Why is the sitcom dying? Could it be because network executives have no confidence in their own judgment?

Fox rounded up a pile of perk and talent for The Return of Jezebel James, about a flibbertigibbet neat freak who signs her slacker sister as a surrogate mom. Then the network cut production short and shoved the show to a mid-March premiere on a Friday night, with back-to-back episodes tomorrow at 8.

The last time Fox had more than 314 viewers on a Friday night, Fox Mulder was still reading The Hardy Boys.

Lauren Ambrose, in her first sitcom role as the surrogate, seems to know more than the people who hired her. "I can't imagine that any TV comedy jelled and emerged completely cooked" after just a few episodes, she says in a phone interview.

"The show would probably be really interesting if it had a chance to blossom and grow and make more episodes."

It does take a while to get to know and like people, whether they're your next-door neighbors or the ones who come into your TV every week. TV series, comedy or drama, thrive through ongoing relationships between viewers and characters.

Jezebel James comes from Amy Sherman-Palladino, who got her start on Roseanne, and became beloved by a small but ardent fan base as the power behind Gilmore Girls. She doesn't do pudgy, buffoon husbands with cutesy wives, or pompous TV anchormen, or horn-dog bachelors, characters who have become stock sitcom fodder and need neither introduction nor development.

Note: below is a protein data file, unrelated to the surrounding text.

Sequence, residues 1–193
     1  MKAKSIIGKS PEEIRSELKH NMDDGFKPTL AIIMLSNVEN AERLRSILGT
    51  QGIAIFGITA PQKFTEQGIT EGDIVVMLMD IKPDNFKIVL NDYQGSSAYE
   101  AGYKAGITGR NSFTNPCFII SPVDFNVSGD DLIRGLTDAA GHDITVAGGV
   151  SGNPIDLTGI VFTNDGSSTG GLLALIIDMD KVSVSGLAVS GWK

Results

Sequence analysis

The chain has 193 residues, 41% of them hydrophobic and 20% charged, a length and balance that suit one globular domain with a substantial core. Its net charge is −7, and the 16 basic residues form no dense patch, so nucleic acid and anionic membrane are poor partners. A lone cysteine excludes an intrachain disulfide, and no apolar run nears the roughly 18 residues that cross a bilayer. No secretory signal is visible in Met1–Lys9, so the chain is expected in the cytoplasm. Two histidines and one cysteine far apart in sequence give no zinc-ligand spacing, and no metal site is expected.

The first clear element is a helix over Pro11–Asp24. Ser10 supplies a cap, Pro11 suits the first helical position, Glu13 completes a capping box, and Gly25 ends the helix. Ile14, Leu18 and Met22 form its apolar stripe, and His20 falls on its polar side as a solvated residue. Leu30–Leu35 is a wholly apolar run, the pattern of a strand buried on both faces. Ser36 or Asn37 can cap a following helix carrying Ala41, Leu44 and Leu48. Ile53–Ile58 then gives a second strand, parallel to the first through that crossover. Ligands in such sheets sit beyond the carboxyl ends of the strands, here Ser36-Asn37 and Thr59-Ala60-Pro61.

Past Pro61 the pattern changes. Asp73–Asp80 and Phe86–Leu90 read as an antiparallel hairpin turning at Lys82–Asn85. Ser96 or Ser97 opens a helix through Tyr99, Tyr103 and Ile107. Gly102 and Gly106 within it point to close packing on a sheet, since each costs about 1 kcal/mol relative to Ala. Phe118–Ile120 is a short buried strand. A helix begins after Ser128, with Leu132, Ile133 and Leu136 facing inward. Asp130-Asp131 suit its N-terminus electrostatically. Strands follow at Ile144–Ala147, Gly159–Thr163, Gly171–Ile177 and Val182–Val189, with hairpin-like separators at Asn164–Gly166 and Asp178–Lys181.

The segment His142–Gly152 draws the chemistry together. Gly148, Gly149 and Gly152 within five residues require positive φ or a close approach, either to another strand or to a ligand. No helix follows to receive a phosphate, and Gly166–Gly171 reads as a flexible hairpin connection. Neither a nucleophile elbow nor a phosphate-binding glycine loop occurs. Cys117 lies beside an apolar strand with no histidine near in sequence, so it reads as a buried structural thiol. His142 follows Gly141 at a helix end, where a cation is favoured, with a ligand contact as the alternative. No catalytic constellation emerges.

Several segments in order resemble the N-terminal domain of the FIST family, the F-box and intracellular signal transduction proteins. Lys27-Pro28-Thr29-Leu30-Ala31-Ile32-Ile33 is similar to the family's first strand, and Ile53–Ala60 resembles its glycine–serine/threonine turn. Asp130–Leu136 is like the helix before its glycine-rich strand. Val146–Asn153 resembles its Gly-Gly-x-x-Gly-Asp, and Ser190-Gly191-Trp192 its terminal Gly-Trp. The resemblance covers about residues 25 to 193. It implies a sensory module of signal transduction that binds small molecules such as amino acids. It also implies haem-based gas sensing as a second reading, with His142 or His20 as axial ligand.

Instead, we get these sisters, who, admittedly, are hard to figure out, polar opposites (they even look completely different) who don't get along but who, for reasons difficult to fathom in the premiere, are entering into a very intimate relationship.

"It's timely," Ambrose says, "with an alternative family, sisters trying to find their way together and build their relationships. It has great actors, except for myself."

Modesty becomes her. Twice Emmy-nominated for HBO's Six Feet Under, where she played the off-kilter little sister, she segued to Jezebel James from glowing reviews as Juliet in last summer's New York Public Theater Shakespeare in the Park production ("girlishly arresting," swooned The Inquirer's Howard Shapiro).

After learning the reams of dialogue for that part, Ambrose says, her memory muscle was in good shape, and she had little trouble with Sherman-Palladino's notorious jam-packed scripts.

Indie queen Parker Posey, the ditzy yet paradoxically professionally successful sister, works double time to spill all her words. Sometimes, you can't understand them. Scott Cohen, who has been in more than 20 TV shows and was Lorelai Gilmore's star-crossed lover, plays Posey's boyfriend. Dianne Wiest turns up as the girls' mother.

"Now, for something completely different," Ambrose says she thought as she stuck her toe into sitcomdom. "This scared me. That's good . . . and the people they gathered to work on it were different. I felt like it was a really good fit."

Potential pours from the screen, but the premiere has plenty of problems. People seem to be uncomfortable and trying too hard, just as they do on their first day in school or on the job. By the seventh episode, which was also sent to critics, things are jelling, and the show seems on the way to beguiling. A TV critic can envision the same sort of fervent fan population - adequate, if not overflowing - that Gilmore Girls had.

Whether a network boss can see the same thing is anybody's guess, but you'd think with Fox making like Triple H in the weekly ratings smackdowns, it might have a slot or two to garner some respect and grow offbeat comedy.

"It needs a chance to grow," Ambrose says. "It really would be lovely if we got the chance."

Jonathan Storm:

The Return of Jezebel James

Tomorrow night at 8 on Fox29